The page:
That was the time when in Pakistan chief justice Mohammad Haleem led the supreme judiciary or almost nine years from early 1981 to late 1989. He established the record for the longest tenure that still holds. When Justice Abdul Munim in Bangladesh was providing full support to General Ershad, Justice Mohammad Haleem in Pakistan was doing the same with the dictatorship of General Zia. In 1986, General Ershad introduced the Sixth Constitutional Amendment to cover all his martial-law orders and Justice Abdul Munim behaved as all but a silent spectator. Then the same dictator introduced the Eight Constitutional Amendment to declare Islam as the state religion.
That’s how secularism was nearly banished, and an era of bigotry and religious prejudice started that greatly reduced the traditional tolerance and harmony there; as a result, the secularists are still being targeted in Bangladesh with even more frequency and intensity. The secularists simply opine that religion is any person’s individual choice and the state should remain impartial to ensure equal religious freedom and protection to all its citizens. Now, since 2010 the superior judiciary in Bangladesh has delivered some outstanding decisions that have reshaped the political landscape during the past seven years.
First, Justice Tafazzul Islam — who was chief justice for just one and half months — overturned the Fifth Constitutional Amendment nearly 30 years after its enactment by General Ziaur Rahman. Justice Tafazzul also upheld the sentences awarded to the assassins of Mujib and his family. In a related development with the Fifth-Amendment decision, the Awami League government abolished the caretaker system for elections that was supported by the same party in 1996.
Now we come to the recent resignation of Justice Sinha. The story began in September 2014 when the ruling party introduced a change in the constitution by incorporating the 16th Amendment.
The parliament was given the authority to remove judges if any charges of corruption or misdeeds were proved against them. In May 2016, a Special High Court Bench declared this amendment as illegal and unconstitutional. In January 2017, the government challenged this verdict in the Supreme Court, but the seven-member bench led by Justice Sinha unanimously upheld the high court decision. This enraged Prime Minister Hasina Wajid who openly started criticising the judiciary. In September 2017, the parliament passed a resolution demanding that the verdict be cancelled. In October 2017, Justice Sinha went on a month’s leave to Australia and Justice Abdul Wahhab Miah took over as the acting chief justice.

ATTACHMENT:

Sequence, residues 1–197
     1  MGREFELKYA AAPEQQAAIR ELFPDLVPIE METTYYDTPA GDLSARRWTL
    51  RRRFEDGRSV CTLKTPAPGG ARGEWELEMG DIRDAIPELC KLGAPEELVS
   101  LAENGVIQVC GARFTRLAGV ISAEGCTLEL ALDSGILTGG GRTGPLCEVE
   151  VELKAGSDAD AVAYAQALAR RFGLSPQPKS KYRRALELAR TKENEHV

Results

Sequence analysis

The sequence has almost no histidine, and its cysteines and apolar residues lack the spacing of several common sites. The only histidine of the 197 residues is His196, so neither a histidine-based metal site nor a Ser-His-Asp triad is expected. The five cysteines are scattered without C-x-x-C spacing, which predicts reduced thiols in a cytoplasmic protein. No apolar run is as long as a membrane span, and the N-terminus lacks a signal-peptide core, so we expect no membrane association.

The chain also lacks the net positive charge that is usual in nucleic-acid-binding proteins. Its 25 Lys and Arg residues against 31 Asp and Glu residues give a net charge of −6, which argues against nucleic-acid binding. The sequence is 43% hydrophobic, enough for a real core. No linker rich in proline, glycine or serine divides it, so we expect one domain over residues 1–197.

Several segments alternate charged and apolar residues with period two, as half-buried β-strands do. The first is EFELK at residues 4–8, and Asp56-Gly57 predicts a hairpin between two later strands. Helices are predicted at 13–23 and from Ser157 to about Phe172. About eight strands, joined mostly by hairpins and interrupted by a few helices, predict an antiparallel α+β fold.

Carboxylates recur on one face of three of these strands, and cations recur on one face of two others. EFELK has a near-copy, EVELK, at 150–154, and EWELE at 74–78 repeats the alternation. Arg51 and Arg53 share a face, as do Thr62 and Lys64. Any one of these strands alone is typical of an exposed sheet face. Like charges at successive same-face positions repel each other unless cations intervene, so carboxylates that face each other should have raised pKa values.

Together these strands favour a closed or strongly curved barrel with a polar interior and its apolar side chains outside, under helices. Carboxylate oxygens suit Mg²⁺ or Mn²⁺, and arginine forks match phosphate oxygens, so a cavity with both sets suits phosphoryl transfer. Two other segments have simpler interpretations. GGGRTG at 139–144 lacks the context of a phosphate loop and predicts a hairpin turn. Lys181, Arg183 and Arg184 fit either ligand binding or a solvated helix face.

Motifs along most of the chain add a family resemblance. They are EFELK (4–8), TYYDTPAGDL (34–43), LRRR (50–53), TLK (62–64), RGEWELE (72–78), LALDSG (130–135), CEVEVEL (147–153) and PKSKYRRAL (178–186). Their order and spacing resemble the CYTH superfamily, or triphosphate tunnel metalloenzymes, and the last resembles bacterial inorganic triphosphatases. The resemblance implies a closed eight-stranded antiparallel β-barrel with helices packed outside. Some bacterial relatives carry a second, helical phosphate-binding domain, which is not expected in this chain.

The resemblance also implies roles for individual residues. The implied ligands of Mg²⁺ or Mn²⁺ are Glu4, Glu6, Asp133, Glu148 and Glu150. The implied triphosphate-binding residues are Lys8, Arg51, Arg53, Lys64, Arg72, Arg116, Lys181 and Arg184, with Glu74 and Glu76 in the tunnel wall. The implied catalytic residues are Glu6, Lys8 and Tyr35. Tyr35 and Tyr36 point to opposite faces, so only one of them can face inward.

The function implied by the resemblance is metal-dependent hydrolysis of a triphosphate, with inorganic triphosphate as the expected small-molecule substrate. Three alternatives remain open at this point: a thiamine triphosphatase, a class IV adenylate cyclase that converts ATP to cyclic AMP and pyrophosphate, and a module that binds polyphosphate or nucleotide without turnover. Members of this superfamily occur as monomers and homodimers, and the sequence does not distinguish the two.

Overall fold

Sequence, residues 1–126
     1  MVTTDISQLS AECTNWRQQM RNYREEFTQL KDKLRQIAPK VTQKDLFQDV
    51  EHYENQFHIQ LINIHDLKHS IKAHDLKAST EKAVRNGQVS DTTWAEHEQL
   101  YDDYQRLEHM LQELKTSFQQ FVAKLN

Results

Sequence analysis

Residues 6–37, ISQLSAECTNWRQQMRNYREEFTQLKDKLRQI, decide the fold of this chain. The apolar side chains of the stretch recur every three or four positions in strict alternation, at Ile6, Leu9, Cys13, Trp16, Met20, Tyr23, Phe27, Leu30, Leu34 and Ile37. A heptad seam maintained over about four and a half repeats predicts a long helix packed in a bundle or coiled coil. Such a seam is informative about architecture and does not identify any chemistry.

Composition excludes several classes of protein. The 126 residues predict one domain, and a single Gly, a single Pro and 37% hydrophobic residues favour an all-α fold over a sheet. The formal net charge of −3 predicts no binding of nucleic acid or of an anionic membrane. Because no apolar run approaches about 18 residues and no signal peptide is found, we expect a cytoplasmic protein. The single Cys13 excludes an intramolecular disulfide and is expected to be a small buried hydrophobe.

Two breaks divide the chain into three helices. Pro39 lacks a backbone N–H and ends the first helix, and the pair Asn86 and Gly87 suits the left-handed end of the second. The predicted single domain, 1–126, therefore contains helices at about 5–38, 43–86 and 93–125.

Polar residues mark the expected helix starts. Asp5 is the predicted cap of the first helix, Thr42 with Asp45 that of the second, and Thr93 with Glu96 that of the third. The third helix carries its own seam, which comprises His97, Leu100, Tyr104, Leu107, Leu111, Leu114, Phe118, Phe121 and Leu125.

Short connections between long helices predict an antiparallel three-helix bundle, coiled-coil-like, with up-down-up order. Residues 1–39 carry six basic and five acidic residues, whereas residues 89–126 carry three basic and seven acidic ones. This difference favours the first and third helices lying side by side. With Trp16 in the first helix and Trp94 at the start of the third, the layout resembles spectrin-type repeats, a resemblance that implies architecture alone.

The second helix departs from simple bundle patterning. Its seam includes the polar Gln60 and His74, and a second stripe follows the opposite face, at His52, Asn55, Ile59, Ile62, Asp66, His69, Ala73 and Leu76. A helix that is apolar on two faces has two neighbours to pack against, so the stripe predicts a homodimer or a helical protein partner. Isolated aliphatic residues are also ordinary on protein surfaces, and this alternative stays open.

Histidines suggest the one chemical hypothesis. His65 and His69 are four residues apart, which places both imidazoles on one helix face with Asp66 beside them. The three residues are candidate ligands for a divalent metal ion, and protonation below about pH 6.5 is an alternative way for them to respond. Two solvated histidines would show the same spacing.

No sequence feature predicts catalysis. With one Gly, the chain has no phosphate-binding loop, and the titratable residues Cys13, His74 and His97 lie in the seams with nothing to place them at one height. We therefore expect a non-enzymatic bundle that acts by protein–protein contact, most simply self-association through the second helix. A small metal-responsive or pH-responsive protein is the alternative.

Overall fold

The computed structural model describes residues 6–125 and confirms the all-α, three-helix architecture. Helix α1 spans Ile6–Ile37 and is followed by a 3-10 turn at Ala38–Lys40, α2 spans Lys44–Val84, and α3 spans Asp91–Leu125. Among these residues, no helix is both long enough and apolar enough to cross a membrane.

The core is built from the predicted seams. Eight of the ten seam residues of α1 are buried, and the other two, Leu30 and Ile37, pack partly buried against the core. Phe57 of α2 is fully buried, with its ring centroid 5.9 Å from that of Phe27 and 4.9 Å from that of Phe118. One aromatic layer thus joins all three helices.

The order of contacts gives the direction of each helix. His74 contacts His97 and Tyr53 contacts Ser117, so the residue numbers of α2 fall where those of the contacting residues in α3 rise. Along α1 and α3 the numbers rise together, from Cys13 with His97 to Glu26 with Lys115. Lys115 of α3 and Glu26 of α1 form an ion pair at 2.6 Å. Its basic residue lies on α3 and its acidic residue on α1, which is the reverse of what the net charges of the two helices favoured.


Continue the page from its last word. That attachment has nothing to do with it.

Within a few days, the new chief justice changed his colours, and the supreme court released a charge-sheet against Justice Sinha. The charges ranged from money laundering and financial corruption to moral misconduct. According to some press reports, the president of Bangladesh Abdul Hamid had given the documentary proof to the four judges of the supreme court.
One can recall the events happening in Pakistan 20 years ago when most supreme court judges opposed and removed their Chief Justice Sajjad Ali Shah. A 10-member bench led by Justice Saeeduzzaman Siddiqui had appointed Justice Ajmal Mian as the new chief justice.
Justice Sinha has resigned in the face of allegations. Keeping in mind the severity of the charges, the accused chief justice had little chance of reprieve, especially when his own brother judges have turned against him. The 45-year judicial history of Bangladesh is not much different from the one in Pakistan. The judiciary has welcomed military takeovers and curried favour with civilian governments. But the trend set by Justice Iftikhar Chaudhary in Pakistan to go against the executive and the parliament is new in Bangladesh.
To differentiate right from wrong becomes difficult when the executive is not entirely innocent, and the judiciary also fails to keep its reputation as an impartial and transparent organ.